Date: June 11, 2016
Venue: Judson Memorial Church (NY)
Review by Dawoud Kringle
“The aim of the Vision Festival is to keep alive in hearts and minds, all of the idealism, integrity and sense of responsibility that lay at the heart of the creative movements in the 60’s.”
On Saturday, June 11th, the second day of the 21st Vision Festival (which featured a lifetime achievement tribute to Henry Grimes) promised a fascinating musical evening.
As I walked in, around 7pm, there was an art installation on stage. A circular projection of imagery varying between water and urban scenes in a middle eastern nation and other things hovered above the stage, while a triangular board supported by a ladder functioned as a projection screen for more imagery (the later was, I must say, ill conceived, because patrons, unaware of the existence of the projection machinery, kept walking in front of the projector, doubtless infuriating the artist). A tuba player (whom I couldn’t see, but I assumed it was Bob Stewart) provided live accompaniment; a lone vigil placing melodic signatures upon the visuals.
Miriam Parker, Wadada Leo Smith, and sculptor Jo Wood Brown presented a piece called Moving Lines. Standing in the darkened stage, Smith began with a sparse, yet authoritative trumpet solo. He took the piece through a variety of permutations; sometimes clear and melodic, sometimes abstract to the point of chaos. Parker responded to Smith’s music with dance interpretations. Her style, while clearly interpretative dance, appeared (to my admittedly untrained eye) to borrow heavily from yoga and tai chi. At times she would seemingly take the lead, and dance within silence. Her own use of props and sound effects provided interesting dimensions. The second part of their performance saw Parker exploring different dance techniques, and Smith using an approach that seemed to meld Bitches Brew period Miles Davis with vintage John Gilmore. The piece was short and succinct. I must comment that the lighting was a little disappointing. It seemed inadequate to the task of properly complimenting Parker’s astonishing dance performance.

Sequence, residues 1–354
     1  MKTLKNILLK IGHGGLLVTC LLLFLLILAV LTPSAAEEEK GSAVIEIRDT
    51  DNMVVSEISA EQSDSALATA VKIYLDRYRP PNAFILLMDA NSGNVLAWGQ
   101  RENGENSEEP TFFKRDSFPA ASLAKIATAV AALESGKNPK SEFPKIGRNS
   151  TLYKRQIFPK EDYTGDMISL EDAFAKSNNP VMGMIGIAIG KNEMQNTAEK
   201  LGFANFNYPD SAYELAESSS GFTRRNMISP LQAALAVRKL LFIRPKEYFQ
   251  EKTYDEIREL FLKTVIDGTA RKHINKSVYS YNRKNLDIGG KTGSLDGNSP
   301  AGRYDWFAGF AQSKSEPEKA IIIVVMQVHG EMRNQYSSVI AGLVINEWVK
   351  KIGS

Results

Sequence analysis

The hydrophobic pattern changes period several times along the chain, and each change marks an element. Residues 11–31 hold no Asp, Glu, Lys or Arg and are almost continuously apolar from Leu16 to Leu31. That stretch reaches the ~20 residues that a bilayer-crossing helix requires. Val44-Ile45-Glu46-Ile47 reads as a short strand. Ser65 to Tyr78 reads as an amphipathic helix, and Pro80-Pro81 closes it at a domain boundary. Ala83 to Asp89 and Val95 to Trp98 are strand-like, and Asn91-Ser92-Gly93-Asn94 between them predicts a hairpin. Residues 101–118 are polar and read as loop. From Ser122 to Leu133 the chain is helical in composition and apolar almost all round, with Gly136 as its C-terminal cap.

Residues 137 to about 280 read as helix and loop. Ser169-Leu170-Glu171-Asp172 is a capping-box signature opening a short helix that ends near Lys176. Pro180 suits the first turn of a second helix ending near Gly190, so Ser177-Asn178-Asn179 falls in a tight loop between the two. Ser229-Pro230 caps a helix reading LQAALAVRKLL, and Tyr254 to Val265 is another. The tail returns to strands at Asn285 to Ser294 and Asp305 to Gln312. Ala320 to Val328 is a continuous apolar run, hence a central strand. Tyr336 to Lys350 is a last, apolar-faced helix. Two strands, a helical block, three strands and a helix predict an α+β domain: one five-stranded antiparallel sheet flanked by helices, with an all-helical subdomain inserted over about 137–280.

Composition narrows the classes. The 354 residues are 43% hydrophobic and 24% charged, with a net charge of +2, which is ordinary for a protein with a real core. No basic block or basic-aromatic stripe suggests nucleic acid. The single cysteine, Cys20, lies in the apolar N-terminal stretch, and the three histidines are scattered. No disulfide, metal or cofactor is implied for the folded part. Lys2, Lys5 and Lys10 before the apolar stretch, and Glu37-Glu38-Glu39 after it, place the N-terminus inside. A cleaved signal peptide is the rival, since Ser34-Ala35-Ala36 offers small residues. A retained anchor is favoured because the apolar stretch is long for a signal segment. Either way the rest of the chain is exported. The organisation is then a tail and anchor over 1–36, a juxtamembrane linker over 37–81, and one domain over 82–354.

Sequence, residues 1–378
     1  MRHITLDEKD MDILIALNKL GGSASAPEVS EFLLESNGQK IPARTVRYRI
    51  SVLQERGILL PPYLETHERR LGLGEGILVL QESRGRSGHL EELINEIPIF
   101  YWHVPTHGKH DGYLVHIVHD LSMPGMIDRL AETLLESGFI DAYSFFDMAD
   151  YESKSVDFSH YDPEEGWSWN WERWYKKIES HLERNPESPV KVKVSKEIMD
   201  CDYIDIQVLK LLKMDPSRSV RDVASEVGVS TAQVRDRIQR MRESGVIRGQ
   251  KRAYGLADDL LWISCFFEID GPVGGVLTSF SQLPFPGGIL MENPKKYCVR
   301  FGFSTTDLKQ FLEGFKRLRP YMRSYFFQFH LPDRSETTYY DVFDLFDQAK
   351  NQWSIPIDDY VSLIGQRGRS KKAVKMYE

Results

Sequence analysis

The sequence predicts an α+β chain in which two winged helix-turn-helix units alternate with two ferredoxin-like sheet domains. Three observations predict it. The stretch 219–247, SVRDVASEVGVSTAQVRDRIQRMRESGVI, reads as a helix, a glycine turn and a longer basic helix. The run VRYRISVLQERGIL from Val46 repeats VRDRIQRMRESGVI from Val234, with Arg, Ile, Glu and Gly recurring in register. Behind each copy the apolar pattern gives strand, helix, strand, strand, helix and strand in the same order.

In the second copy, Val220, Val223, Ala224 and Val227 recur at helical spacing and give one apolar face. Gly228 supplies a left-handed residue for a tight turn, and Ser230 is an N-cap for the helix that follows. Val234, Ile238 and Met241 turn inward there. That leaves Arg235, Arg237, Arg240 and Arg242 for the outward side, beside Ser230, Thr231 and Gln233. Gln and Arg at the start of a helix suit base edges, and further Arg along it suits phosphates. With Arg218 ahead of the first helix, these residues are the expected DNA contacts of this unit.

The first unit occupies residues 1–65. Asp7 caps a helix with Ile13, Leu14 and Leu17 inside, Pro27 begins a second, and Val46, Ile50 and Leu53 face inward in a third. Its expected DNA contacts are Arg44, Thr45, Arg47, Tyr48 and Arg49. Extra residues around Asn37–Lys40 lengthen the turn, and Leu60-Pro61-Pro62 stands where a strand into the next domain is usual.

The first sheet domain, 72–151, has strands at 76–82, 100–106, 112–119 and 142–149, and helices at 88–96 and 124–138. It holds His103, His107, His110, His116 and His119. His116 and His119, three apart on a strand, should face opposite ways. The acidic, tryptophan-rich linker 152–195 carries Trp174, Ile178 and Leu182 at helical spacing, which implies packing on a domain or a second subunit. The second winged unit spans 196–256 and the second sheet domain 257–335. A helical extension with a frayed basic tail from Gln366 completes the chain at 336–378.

The Hamiet Bluiett Quartet, with DD Jackson on piano, Bob Stewart on tuba, and Hamid Drake on drums performed next. They began with an interplay between swinging drums and striding tuba that provided an enjoyable and danceable groove (something the free jazz scene can use from time to time). It came across as almost Dixieland jazz. After a while, however, it broke away from the festivities and immersed itself into a dark and frantic orgy of relentless search. Somehow this became a march, but this soon disassembled itself. Stewart on tuba had a powerful hold on this almost incongruous instrument. His clear grasp of its tradition allowed him the license and aptitude to expand the paradigms of the tradition without losing touch with its foundation. The interaction with the drums propelled the music into a solidification of what would normally sound like chaos. Jackson’s piano offered crystalline sounds and deft transitions between styles and moods…..